Image credit: Mark Hamilton

This month Scottish Opera presents KidO, an interactive musical experience for young children. Acclaimed children’s theatre director, Lu Kemp and director of Education and Outreach, Jane Davidson, stress the importance of music and theatre being introduced at an early age and prove that you are never too young for theatre.

After the success of BabyO, parents asked for a new production for children who were a bit older. “The principle elements, in terms of sound, visuals and narrative, would have to develop as the cognitive capabilities of the average child progressed.” Davidson explains that they realised that they had to create new work to keep up with the audience as they grew older. KidO explores the difference between good and bad behaviour, “a basic concept that will not be unfamiliar”. She goes on to explain that the young audience members will be experiencing their first major change, going from home to school, “Scottish Opera wanted to create parallel music journeys to accompany each stage in the early year’s journey”. KidO explores issues and allows the children to understand in a fun way and offers audience interaction. Without giving too much away, Kemp says that they have used a system which makes anything playable. “The audience are essential to some of the music creation within the piece.”

Kemp explains that she is interested in “how music rather than words can communicate what is essential to our experience of being human”. From an early stage in our lives, music allows us, as humans, to be in touch with our emotions, make us feel and think. “Every person is creative, everyone should be invited to be part of a social conversation and the arts are a great way of engaging people in that.” She adds that “All children should experience live art” and that it is not important, but essential that they do so.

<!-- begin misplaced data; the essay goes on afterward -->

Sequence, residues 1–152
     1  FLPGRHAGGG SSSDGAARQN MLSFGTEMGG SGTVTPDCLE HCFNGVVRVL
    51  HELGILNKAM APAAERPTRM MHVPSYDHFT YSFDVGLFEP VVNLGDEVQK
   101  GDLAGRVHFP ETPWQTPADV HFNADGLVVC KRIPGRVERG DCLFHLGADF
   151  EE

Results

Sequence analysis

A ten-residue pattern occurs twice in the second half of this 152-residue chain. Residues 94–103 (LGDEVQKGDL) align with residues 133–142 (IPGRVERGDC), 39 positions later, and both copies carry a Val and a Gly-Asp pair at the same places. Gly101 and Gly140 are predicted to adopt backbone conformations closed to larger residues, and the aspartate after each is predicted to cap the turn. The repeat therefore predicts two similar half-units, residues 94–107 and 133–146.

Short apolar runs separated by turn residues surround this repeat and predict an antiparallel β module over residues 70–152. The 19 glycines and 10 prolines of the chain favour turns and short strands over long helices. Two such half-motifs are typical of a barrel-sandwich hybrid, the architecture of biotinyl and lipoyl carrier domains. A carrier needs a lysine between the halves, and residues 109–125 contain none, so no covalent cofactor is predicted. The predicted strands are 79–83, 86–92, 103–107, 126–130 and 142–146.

Scottish Opera have been providing and commissioning shows for children and young people since 1971 but some may argue that there is not enough theatre around for a younger audience. Kemp believes that “it is the access and funding that is the problem. Theatre needs to reach broader audiences. It needs to be cheap, so it as natural to engage with theatre as it is with television”. Davidson adds, “Access to high quality live performance is widely recognised as being key to enhancing the overall quality of life.” She continues, “Growing up understanding and appreciating a wide range of art experiences offers each individual a greater change to challenge and explore the world around them”.

Music and theatre allows children to understand the world they live in, in a fun and comfortable environment. Kemp says that the arts “help us develop communication skills, empathy, problem solving, they allow us to imagine a better way of living and to experiment with ways of achieving that”. Those skills are crucial for children to develop early, especially for times like starting school and interacting with others. Kemp explains that they devised the piece at a time when the Israeli-Palestinian conflict was critical. “So the piece is about space. How, regardless of our age, we struggle to share space.” By consulting with children, “road-testing sections in nurseries, listening and watching how they respond”, the team created a piece of theatre that younger children will understand.

Davidson expresses her passion for opera and the variety of emotions that can be portrayed. “I think it’s utterly fascinating (having watched opera for over 30 years) to draw comparisons between the incredible ‘high and lows’ of emotion-  as portrayed on stage by many fictional characters in the world of opera and the roller coaster of mood swings experienced by the average three year old during the course of a day”. By taking the range of emotions, portraying them through operatic voices and showing the art of make believe, a connection is made between the audience and performers. “It’s this breadth and range of emotive energy which, I think, has its origins in the world of traditional opera and its great fun to perform and to observe in equal measure”. Scottish Opera have taken a concept known for having an older and traditional audience and has proven that you are never too young to enjoy the art.

Kido is touring until 4 April. For more information and tickets, see their website.